Most advice to entrepreneurs focuses on what they should do: build a great product, assemble a great team, provide great service. All are “duhisms.” Unfortunately, many entrepreneurs don’t realize that there are things they should specifically avoid doing too. These are also duhisms, but somehow no one ever talks about them. Here is my list of 12 important things that entrepreneurs should not do.
1. Don’t worry, be crappy.
Perfectionism, first of all, is an illusion. Nothing is perfect. Even worse, perfection stands in the way of revenue and truly learning what customers think because nothing is in their hands yet. When your product is “good enough” (but not “perfect”), ship it, and see what happens.
2. Don’t give out lofty titles.
Just because a roommate was there during the weekend when you came up with the idea for your company, doesn’t mean he should be CTO. Someday, you’ll need to hand out titles like director, vice president, and chief whatever officer, so keep them in reserve. Until then refer to each other as “co-founders” and describe the area of responsibility: for example, “programming.” If your roommates aren’t cool with this, they’re doing you a favor by showing their colors now.
3. Don’t hire your family.
The probability that your spouse or relative is the best person you can get for a job is 0 percent. The probability that people will hate working at company with spouses and relatives is 100 percent. The probability that one of you will have to go someday is also 100 percent. Never hire out of expediency. Always hire the best person you can get. This usually means not hiring your family.
4. Don’t sweat valuation.
This is easy for a venture capitalist to say, but your company is either going to die or make you more money than you imagined. Whether you have 10 percent or 15 percent and whether your pre-money valuation is $2 million or $3 million isn’t going to really matter. Do the math: 15 percent of $0 is $0, so stop negotiating, take the money and build something that’s worth more than $0. Whatever valuation a venture capitalist offers you, increase it by 20 percent and counter her offer. This is just enough to show that you’re not a pushover, but not too much that it will prolong or blow up the negotiations.
—Guy Kawasaki, chief evangelist, Canva
5. Don’t believe venture capitalists.
Having said that you shouldn’t sweat valuation, you shouldn’t believe venture capitalists. It’s not that we’re all liars—we just don’t finish our sentences. Rule of thumb: Add “as long as things are going well” to everything a venture capitalist tells you. For example, “I am investing in your team” or “I will be there for you.”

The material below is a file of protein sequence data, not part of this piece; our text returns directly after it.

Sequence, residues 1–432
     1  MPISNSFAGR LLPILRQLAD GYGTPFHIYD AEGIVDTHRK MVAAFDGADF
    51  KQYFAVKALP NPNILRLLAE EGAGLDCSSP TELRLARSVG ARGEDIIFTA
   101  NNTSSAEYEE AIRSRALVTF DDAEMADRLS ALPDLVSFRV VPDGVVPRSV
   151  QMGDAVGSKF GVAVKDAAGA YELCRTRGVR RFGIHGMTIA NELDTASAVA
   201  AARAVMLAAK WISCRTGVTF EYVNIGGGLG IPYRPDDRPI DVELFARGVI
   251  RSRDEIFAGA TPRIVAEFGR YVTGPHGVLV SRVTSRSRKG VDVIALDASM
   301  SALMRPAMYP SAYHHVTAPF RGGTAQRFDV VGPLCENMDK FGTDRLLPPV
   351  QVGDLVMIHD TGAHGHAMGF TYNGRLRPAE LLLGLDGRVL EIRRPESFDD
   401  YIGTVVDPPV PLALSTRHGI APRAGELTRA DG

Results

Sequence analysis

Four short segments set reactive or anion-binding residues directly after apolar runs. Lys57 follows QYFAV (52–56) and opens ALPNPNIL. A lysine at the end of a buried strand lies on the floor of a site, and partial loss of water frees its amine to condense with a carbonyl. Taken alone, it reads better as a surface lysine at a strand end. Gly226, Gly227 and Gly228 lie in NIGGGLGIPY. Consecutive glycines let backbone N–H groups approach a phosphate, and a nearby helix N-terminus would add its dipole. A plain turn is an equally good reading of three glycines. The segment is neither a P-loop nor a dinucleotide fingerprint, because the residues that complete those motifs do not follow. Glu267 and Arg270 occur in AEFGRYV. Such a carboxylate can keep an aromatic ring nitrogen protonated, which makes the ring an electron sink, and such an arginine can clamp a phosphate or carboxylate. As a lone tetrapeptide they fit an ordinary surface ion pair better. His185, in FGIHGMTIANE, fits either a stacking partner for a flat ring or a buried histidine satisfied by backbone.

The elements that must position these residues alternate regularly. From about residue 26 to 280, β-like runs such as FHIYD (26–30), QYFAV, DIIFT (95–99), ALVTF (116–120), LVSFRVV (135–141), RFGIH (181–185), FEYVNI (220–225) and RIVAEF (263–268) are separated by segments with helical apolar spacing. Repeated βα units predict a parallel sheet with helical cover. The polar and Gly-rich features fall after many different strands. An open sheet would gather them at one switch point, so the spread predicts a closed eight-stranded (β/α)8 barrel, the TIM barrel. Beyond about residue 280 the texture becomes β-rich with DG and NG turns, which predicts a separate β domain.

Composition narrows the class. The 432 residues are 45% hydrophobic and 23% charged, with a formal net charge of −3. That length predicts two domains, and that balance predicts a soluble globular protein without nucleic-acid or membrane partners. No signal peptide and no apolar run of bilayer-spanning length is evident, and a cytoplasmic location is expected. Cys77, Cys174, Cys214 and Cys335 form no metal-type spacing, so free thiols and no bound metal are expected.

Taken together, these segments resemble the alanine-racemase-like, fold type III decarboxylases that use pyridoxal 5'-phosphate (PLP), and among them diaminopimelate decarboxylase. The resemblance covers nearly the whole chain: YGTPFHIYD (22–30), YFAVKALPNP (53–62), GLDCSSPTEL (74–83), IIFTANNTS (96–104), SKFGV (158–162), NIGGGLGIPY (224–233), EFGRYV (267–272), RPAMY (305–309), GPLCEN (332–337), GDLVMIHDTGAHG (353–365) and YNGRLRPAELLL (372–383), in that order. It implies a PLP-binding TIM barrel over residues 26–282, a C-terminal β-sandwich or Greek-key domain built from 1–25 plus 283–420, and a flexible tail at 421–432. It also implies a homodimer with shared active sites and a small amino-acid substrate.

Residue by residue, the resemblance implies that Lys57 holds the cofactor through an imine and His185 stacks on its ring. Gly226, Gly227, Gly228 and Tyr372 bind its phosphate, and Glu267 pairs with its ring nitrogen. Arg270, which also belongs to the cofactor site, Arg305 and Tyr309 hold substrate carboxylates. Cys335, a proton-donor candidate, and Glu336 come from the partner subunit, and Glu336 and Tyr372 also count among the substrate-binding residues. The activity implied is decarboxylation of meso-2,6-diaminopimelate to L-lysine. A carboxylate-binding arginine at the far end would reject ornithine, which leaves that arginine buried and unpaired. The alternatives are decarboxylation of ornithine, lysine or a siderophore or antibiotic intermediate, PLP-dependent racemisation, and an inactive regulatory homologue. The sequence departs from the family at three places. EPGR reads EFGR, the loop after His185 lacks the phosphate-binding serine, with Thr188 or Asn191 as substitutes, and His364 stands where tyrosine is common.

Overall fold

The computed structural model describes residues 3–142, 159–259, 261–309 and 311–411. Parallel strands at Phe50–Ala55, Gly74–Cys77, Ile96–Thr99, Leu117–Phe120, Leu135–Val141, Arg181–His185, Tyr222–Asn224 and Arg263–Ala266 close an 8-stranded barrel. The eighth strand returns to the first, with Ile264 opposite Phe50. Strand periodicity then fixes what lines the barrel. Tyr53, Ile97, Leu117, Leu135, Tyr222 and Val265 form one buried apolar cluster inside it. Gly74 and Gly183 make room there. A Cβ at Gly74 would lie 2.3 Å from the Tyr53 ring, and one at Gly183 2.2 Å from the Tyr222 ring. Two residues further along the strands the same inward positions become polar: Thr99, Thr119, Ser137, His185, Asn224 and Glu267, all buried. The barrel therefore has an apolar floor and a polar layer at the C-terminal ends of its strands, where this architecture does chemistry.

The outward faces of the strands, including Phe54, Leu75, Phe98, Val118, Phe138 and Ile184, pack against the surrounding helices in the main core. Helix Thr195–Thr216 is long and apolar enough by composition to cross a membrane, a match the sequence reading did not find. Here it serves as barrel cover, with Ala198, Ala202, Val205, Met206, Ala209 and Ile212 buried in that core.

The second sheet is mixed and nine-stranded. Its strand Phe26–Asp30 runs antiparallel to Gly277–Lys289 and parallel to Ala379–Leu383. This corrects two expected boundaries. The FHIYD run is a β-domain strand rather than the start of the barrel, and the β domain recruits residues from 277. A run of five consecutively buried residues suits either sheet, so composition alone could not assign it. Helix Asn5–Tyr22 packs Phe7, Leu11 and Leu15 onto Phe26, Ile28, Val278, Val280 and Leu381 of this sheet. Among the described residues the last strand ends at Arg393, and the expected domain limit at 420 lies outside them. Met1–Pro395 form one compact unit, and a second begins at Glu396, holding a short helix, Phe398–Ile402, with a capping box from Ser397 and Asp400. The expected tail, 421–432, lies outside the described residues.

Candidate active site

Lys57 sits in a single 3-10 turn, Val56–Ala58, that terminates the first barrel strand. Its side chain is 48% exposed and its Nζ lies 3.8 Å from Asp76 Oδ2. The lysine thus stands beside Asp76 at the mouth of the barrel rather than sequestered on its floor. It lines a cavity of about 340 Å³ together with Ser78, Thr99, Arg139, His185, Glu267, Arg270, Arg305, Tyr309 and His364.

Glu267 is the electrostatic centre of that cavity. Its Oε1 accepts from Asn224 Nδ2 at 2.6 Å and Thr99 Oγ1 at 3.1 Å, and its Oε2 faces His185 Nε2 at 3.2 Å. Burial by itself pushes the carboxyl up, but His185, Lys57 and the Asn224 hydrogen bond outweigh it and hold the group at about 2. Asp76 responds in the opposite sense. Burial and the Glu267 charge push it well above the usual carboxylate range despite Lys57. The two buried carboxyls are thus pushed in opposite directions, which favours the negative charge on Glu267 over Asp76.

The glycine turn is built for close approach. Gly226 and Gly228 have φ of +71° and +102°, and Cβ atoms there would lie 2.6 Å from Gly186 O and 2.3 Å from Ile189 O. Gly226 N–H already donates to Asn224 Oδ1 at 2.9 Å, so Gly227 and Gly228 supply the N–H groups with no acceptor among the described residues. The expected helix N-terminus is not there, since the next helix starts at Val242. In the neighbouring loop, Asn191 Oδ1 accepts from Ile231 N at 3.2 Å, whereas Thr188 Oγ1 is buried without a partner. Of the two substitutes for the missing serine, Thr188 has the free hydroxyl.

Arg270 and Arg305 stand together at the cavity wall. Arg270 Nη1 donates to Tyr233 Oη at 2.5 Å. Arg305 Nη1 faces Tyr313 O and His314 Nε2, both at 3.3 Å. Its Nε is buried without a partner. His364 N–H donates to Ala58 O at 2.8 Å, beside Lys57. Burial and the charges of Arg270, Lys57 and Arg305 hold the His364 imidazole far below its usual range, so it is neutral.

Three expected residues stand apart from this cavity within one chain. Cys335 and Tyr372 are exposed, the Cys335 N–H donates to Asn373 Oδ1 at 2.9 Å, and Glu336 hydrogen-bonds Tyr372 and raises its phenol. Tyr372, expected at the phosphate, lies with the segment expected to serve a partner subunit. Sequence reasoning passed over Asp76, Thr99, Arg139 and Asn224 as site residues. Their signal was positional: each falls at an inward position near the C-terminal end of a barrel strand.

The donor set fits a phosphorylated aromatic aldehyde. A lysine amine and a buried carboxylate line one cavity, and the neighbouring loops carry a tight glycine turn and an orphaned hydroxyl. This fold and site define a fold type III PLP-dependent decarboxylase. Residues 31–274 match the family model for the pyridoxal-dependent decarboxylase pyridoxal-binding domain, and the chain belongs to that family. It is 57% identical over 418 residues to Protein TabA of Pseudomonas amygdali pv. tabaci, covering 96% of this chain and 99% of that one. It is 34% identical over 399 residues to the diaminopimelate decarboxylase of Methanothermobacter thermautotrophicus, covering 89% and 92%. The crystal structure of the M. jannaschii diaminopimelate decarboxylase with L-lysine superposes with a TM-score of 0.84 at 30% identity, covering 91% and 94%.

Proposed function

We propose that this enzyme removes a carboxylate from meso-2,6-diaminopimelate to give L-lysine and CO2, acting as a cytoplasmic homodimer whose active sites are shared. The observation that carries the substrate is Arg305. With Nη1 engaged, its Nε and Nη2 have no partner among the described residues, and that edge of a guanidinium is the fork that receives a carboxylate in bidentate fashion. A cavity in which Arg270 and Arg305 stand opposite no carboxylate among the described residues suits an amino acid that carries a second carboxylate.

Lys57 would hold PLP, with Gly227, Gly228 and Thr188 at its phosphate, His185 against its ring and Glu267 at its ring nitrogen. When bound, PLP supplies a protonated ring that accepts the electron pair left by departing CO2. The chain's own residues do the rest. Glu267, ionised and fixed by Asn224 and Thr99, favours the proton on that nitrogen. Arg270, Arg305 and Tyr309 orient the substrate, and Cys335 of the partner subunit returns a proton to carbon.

6. Don’t create lofty forecasts that you call “conservative.”
You know you’re pulling numbers out of the air. We know you are too. You know we know. We know you know. So why would you forecast the fastest ramp in the history of capitalism? (It’s more likely that I will play professional hockey than you will achieve $2 billion in sales in year four.) Just project $25 million in year four, and we’ll all be in agreement about your lie.
7. Don’t believe that the exception is the rule.
This is called the Twitter Effect. It goes like this, “We’re focusing on usage and eyeballs like Twitter. We’re not that concerned about revenue right now. Look how valuable everyone thinks Twitter is. We’ll be just like that.” Twitter is the exception. Facebook is the exception. YouTube is the exception. There, I listed all the exceptions. Everyone else needs revenue asap, or you might fail.
8. Don’t focus on partnerships.
Partnership, noun, a relationship between two parties that does not increase the profitability of either. If your partnership doesn’t cause you to edit your Excel spreadsheet, it’s meaningless. Focus on customerships, not partnerships, if you want to succeed. When you’re a big, slow-moving company, then fabricate all the partnerships you want.
9. Don’t build out your infrastructure.
Sure, your conservative estimate is for an enormous growth curve, so you need customer service, technical support and racks of servers. I’ve never seen a company achieve even its “conservative” projections—I take that back: I’ve seen plenty of companies reach their overhead projections. The odds are that you’ll run out of money before you’ll run out of infrastructure.
10. Don’t assume you’ll ever raise another round.
Most projected timelines should contain an event that’s called “This is where the miracle occurs.” A much better assumption is that no miracle occurs, it takes years of grinding it out to succeed, and you’ll never raise another dime, so you must reach profitability with what you already have. Miracles happen in movies, not startups.
11. Don’t compare your intentions to other employees’ results.
Most people compare their intentions to the results of others. In this way, you’re never at fault or a failure. For example, you intended to ship on time, but the sales gal didn’t achieve her expected results. The effect of this is poor morale and chasms between people. You need to face the facts: You probably delivered less than you intended. Maybe others did too, but at least you’ll be more humble.
12. Don’t ask people to do something you wouldn’t do.
This is the Golden Rule of business. If you wouldn’t fill out 10 fields of information and provide a credit card number for a free password, don’t expect your customers to. If you wouldn’t work on weekends stuffing envelopes, don’t expect your employees to. If you wouldn’t invest in your company, don’t expect venture capitalists to.
A version of this article was originally published on June 30, 2009.